SMA: Race is on to Conquer Devastating Childhood Disease
When a young child is slow to meet developmental milestones such as rolling over, crawling, taking his first steps – or perhaps reaches them and then slows or slides back in development – parents grow concerned and look for explanations.
For about 1 out of every 6,000 children that explanation will come as a diagnosis of spinal muscular atrophy (SMA), a disease that has been compared to Lou Gehrig’s disease in which nerve cells in the spinal cord waste away. SMA, a relatively common disease that has been underrecognized, underdiagnosed and underfunded, is the No. 1 genetic killer of children under the age of 2. There is no treatment, aside from palliative care. Still, the NIH has identified SMA as the neurological disease that has the greatest potential for a treatment or cure in the near term.
Umrao Monani, Ph.D., assistant professor of neurology, searches for potential treatment strategies using genetically modified mice that mimic the human disease. Studying mice, says Dr. Monani, whose work is supported by the New York-based SMA Foundation, is invaluable if treatments that improve and extend the lives of these children are ever to be found.
“We have many questions about the disease that we need to use mouse models to answer,” says Dr. Monani, who came to CUMC about a year ago and has been studying SMA for a decade. “For example, is muscle death a consequence of nerve cell death, or does it occur independently at the same time? One simply cannot replicate the cellular complexity of a whole organism in a culture dish. If the disease occurs in a whole organism, a human, then the most accurate way to study it is to do so in another tractable organism, a mouse. This is the only way one can accurately mimic the myriad cellular interactions that might play a role in causing the disease phenotype.”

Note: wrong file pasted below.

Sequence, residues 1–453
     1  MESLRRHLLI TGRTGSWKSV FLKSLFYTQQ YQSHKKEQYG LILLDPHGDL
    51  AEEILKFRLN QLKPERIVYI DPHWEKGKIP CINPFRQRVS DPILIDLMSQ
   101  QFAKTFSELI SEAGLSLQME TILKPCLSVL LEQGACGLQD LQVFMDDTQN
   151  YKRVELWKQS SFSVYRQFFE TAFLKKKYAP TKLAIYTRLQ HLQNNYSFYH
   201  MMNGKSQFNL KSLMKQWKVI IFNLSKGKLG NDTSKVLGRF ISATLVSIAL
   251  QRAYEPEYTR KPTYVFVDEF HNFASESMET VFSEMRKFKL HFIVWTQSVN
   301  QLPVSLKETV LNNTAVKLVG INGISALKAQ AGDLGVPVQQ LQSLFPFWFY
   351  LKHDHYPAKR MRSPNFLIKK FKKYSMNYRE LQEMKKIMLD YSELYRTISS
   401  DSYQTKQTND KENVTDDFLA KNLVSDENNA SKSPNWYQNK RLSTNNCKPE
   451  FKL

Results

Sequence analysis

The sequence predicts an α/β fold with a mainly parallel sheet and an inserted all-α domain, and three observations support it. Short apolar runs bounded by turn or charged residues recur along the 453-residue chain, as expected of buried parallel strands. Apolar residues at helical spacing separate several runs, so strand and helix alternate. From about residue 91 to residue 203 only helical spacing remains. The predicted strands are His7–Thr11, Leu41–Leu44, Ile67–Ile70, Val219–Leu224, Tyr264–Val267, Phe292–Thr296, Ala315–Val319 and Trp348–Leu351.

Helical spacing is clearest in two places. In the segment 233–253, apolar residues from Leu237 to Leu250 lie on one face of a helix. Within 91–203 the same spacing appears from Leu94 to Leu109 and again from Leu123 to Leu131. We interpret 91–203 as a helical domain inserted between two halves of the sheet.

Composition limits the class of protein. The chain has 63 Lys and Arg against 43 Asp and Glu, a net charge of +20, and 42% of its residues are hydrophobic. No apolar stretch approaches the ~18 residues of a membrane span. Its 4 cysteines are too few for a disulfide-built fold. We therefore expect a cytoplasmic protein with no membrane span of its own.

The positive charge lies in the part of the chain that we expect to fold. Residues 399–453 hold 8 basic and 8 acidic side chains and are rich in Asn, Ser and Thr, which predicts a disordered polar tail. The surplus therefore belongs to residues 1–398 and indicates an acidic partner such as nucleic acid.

Already, Dr. Monani’s work has yielded results that have important implications for a future treatment. His discovery that animals with SMA are born with a normal number of presumably healthy nerve cells shows that there is a window of time just after birth during which a treatment could prevent the disease from developing.
Other SMA investigators have recognized Dr. Monani’s achievement – his mouse models are now among the most widely used in SMA research. But it’s not the scientific accolades that keep him in the lab late at night.
“After I got my Ph.D., I was fortunate to meet kids with SMA at an event,” says Dr. Monani, who conducts his research in the SMA Center founded at CUMC in 2002. “They’re bright, happy kids, zooming around in their wheelchairs. What was sad for me was what their parents said later. ‘Even at three or four they ask: Why can’t I do the things my friends do?’ That was upsetting. If I can contribute in any tiny way, that’s enough for me.”